Flight of Dreams by Ariel Lawson

flight of dreamsOf all the categories on Modern Mrs. Darcy’s 2016 Reading Challenge, the first one concerned me the most: a book published this year. With the exception of a few series finales, I can’t think of the last time I read a book the year it was published. Often, I don’t even hear about a book until a year or two later. When I heard about Flight of Dreams by Ariel Lawson, I knew I’d found my book. Flight of Dreams is part historical fiction, part mystery. The majority of the novel follows the final 3-day flight of the Hindenburg through the perspectives of three crew members and two passengers on board. There is still some debate about what happened to the Hindenburg, and Lawson makes the most of that ambiguity to heighten the mystery. 

Flight of Dreams was the best kind of historical fiction: a perfect blend of background and plot. I couldn’t stop telling Josh about it while I read, and I spent two days online researching the events after I finished reading. Using factual details of the ship, the voyage, and the people aboard, Lawson imagines motivations and situations that give life to the names and dates. The ultimate question (What caused the fire?) hangs over the book, but that is not the only mystery. The people aboard are lovers, enemies, and uneasy allies with plans and secrets of their own. Ultimately, it was the stories of the characters that interested me the most. It is their tragedies that have stuck with me since finishing the book as well. That, and a desire to ride across the Atlantic on a zeppelin. (It sounded much more comfortable than an airline flight.)

In the author’s note, Lawson cites http://facesofthehindenburg.blogspot.com as an invaluable collection of pictures and details about all 97 people aboard the Hindenburg on its final flight. I intentionally did not look at the site (or any other) while I was reading the book, however. Since I didn’t know much about the disaster going into the book, I decided to read it before doing any additional research. I’m glad that I knew as little as I did; it allowed me to fully appreciate the suspense. Hours after I finished the book, I was still searching online for opinions and details about the flight and the people aboard. Now that I’ve finished it and read all about it, I don’t think knowing more about the details of the crash would ruin the book either. Lawson walked that delicate balance well.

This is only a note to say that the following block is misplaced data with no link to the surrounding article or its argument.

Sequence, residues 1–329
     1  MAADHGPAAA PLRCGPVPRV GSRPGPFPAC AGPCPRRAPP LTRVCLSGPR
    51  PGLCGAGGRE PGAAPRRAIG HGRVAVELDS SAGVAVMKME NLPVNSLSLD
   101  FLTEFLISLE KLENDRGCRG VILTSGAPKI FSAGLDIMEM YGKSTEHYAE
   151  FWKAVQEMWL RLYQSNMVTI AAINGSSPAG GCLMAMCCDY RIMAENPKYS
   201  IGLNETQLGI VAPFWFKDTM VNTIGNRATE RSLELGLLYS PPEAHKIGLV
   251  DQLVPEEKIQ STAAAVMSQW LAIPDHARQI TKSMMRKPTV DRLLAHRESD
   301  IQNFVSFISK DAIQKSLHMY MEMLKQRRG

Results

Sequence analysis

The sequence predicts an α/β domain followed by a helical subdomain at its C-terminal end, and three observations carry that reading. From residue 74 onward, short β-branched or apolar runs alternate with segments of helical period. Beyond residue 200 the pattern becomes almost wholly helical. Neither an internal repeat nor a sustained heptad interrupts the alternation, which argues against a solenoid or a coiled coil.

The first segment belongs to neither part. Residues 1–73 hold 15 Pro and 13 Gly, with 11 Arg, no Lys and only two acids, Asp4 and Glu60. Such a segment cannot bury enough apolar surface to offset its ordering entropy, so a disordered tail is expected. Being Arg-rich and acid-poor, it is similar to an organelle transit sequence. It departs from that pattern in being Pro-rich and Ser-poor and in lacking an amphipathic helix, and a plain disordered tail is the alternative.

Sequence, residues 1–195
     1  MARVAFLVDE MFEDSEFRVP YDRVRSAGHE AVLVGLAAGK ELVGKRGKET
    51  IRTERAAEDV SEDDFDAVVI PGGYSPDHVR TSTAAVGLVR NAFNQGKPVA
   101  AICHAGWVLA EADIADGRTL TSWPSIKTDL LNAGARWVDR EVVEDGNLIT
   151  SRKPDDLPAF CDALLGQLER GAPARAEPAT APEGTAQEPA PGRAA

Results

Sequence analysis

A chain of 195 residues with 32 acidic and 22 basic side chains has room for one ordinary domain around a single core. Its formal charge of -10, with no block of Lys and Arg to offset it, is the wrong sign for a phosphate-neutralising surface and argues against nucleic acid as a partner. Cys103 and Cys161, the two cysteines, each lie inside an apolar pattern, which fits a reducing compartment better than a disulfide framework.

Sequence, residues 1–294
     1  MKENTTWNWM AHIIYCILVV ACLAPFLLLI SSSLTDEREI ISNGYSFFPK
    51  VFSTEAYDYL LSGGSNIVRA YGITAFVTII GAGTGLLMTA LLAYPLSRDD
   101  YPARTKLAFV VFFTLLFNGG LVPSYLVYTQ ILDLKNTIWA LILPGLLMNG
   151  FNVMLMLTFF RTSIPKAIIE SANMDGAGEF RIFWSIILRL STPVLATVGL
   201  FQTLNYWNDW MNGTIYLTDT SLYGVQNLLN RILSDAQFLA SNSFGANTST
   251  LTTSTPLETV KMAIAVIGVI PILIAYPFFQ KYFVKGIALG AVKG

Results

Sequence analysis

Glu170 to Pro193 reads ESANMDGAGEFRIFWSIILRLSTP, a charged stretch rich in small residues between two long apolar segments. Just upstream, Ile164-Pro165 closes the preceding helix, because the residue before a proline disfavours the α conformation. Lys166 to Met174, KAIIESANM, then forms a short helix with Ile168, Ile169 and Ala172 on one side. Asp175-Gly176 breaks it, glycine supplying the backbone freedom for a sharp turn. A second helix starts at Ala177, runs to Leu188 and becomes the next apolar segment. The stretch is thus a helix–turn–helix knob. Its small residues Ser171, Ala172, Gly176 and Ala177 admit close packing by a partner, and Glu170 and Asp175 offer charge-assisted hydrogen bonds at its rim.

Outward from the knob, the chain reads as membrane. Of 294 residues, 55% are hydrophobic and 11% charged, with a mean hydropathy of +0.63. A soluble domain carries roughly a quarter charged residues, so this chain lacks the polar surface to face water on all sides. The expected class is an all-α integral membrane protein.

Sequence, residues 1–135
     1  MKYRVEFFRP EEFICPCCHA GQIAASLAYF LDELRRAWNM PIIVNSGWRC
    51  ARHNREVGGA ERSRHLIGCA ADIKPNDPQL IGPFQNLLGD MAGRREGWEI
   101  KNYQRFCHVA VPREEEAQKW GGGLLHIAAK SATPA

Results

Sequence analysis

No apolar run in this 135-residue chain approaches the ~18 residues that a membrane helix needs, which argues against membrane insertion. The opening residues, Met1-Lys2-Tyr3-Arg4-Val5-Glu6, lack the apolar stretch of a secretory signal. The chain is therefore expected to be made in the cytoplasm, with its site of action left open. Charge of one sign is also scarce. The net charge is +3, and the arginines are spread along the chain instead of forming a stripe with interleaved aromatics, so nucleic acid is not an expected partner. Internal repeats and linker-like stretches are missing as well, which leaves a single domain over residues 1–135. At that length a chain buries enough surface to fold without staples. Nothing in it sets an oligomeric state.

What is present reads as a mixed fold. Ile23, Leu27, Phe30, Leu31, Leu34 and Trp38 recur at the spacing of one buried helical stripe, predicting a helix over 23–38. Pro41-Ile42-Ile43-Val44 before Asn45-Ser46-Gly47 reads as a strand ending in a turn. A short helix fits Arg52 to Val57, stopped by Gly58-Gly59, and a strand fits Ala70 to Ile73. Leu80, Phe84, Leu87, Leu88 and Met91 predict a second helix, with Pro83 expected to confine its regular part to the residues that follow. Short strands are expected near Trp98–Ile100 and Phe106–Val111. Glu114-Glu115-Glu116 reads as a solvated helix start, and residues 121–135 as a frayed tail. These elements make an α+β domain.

The book was not without beauty and joy, but ultimately it is a story of loss. Even though I knew what would happen, I wasn’t expecting the end to be so heartbreaking. I knew some of the characters would die and that all would suffer through the harrowing experience of trying to escape the burning ship, and yet I still found myself choked up at the end. All in all, the book was such a great blend of fact, speculation, and fiction. It left me wishing I would have asked my grandparents about the Hindenburg when I had the chance.

I would recommend this to: fans of historical fiction, readers interested in Germany leading up to the Second World War, and anyone who has ever wanted to take a cruise ship in the air.





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